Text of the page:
T'was no helmet to helmet hit. But it did put the hurt on Cruz and threw him off the rest of the night. Credit: William Perlman/THE STAR-LEDGER via US PRESSWIRE

Steelers Defense Nullifies Three Giants For Win

The most dangerous factor going into the game against the Giants on Sunday was the ever present potential of the Giants explosive offense.  The reigning Super Bowl champions have been having far from a hangover from lifting the Lombardi Trophy this season.  Though numerous wins this season were close calls for them, Eli paved the way for 4th quarter comebacks – something that probably left most of Steeler Nation uneasy as the team walked onto the field that afternoon.  However, the Steelers defense limited three key players of the Giants offense that left them rather ineffective the entire game.

Limit Run Game

Ahmad Bradshaw has started every game for the Giants this season and is only 40 yards away from eclipsing his rushing total from all of last season.  He’s not a bruiser type back, but cuts well and is a compliment to the passing game and allows for an effective play action.  The Steelers front three wreaked havoc on the Giants line on Sunday when it came to stopping the run.  Hampton showed up in a big way, and Big Snack took up space in the running lanes and allowed for the line backers and secondary to have an effective run blitz.  Bradshaw picked up only 48 yards and put all the pressure on the passing game.  Familiar territory for the Giants, but not having any ground game really limited how the Giants attacked the field.

Keep Cruz Out of Endzone

Victor Cruz is always dangerous down the field.  Out of his seven total so far this season, he has touchdown catches for 77 and 80 yards.  Eli targeted Cruz early and tried to get the big plays going in order to knock the Steelers defense off balance.  The Steelers kept Cruz to 68 yards receiving and kept him out of the endzone.  The defense went a step further when Ryan Clark hit Cruz in the endzone on an attempted 3rd and goal pass play from Manning.  The pass was slightly offline and was tipped by the defense.  Cruz was crossing the endzone as was Ryan Clark.  Clark lowered his shoulder into Cruz and lit him up as you can see from the picture.  Clark was called for helmet to helmet contact even though replay clearly showed there wasn’t any.  The Giants would score on a run play two plays later, but Clark had already thrown down the gauntlet for Cruz.  Cruz sat out for a bit while team doctors evaluated his ribs.  Seemingly fine, Cruz came back into the game but was never really a factor from there on out.  It happens in football often and harkens to what Steelers football is all about.  Clark made Cruz pay the price for a crossing route in the endzone, and Cruz ‘heard the footsteps’ the rest of the afternoon and into the evening.  It took away the big play and kept the Steelers in a game that the refs seemed determined to screw them over in.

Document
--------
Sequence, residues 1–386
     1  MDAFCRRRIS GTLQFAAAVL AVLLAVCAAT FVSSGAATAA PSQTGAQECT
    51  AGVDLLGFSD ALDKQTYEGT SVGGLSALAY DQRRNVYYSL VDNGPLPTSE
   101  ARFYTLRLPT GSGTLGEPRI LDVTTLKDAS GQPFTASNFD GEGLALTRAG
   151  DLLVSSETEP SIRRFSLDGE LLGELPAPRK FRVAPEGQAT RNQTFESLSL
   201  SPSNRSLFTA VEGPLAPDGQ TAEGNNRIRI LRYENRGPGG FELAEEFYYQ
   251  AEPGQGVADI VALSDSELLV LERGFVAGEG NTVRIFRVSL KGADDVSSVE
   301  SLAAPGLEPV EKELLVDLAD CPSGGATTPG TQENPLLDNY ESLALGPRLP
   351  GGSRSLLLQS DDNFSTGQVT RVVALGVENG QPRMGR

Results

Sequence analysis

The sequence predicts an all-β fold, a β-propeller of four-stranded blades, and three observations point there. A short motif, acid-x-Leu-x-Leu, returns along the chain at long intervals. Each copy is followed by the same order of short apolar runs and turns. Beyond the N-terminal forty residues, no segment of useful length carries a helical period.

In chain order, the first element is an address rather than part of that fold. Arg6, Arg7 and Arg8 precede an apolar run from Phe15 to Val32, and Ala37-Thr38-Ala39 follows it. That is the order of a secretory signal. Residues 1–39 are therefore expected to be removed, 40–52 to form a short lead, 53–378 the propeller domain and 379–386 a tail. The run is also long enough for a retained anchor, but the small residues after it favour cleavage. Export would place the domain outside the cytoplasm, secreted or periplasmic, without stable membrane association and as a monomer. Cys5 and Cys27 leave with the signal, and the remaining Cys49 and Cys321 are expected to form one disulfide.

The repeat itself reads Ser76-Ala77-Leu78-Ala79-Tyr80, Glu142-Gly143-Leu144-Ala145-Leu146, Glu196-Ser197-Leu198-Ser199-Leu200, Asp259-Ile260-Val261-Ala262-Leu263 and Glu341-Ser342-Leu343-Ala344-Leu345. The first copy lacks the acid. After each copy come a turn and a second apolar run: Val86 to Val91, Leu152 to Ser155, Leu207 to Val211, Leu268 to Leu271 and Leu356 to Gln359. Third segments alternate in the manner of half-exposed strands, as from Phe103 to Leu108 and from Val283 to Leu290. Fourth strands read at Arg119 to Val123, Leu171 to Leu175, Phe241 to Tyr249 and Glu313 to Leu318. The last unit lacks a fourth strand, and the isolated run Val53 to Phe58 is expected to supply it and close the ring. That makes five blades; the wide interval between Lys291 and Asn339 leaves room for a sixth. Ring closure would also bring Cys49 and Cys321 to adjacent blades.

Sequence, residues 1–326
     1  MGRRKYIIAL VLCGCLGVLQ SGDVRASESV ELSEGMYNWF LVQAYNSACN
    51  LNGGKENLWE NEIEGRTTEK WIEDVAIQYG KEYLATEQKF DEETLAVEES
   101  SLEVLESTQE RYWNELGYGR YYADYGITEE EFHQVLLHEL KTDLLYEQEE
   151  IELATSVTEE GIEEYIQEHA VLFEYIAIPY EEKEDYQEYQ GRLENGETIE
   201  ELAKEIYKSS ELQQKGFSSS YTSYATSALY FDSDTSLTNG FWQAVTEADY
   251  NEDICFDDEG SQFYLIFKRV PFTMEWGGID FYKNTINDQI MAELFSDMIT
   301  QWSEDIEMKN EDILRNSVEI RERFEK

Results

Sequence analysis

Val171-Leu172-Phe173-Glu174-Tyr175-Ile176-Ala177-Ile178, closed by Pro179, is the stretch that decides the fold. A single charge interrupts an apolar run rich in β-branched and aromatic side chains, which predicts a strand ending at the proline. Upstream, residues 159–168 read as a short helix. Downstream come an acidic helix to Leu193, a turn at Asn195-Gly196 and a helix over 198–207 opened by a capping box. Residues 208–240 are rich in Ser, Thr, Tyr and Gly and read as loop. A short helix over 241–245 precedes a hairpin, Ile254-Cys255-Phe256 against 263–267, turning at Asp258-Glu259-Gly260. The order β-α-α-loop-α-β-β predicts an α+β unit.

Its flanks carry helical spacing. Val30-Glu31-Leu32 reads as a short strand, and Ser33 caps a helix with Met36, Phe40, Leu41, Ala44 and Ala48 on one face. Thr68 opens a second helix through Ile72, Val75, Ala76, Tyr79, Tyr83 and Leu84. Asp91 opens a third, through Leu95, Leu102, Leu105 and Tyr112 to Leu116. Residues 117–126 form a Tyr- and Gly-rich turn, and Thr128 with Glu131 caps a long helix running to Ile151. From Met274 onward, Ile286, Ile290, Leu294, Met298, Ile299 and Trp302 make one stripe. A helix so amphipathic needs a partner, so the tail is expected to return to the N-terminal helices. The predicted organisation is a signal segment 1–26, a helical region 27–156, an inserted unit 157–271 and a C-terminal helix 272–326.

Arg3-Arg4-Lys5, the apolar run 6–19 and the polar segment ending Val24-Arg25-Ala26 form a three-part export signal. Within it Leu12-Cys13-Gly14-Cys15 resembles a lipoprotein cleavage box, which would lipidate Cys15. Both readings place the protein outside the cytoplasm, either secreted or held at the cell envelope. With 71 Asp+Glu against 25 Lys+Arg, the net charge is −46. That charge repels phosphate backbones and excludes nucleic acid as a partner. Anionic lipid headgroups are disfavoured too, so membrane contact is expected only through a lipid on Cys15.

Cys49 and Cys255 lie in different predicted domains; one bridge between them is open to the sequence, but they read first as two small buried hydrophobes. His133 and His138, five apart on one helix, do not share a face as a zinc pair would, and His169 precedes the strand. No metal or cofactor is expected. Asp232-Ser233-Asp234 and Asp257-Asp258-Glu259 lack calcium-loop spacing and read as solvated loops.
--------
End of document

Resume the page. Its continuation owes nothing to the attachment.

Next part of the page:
Keep Manning Under Control for 4 Quarters

This could not have gone any more beautifully for the Steelers.  The Steelers’ tight coverage on most plays coupled with a pass rush that found its way through the offensive line often enough, kept Manning guessing most of the game.  Eli went 10/24 for 125 yards and an interception.  The Steelers made him look like old Joe Flacco out there – forcing poor throws and poor decision making.  Manning’s poor performance for most of the game kept the Steelers in the game even when the refs had spotted the Giants 14 points in the first half on a series of simply awful calls.  His numerous three-and-outs in the 4th quarter allowed the Steelers offense to score 14 unanswered points.  The Comeback Kid was no where to be found this particular Sunday.  The Steelers kept Eli under control for the entire 60 minutes, and it was awesome.  Just think what this score could have been if it weren’t for the bad officiating.  24-6?  24-3?

The Steelers defense had a very complete game on Sunday.  A few phantom calls allowed this game to be a lot closer than it really was on paper and on the field.  I’ll take holding the opposing offense to 182 yards any day.

 

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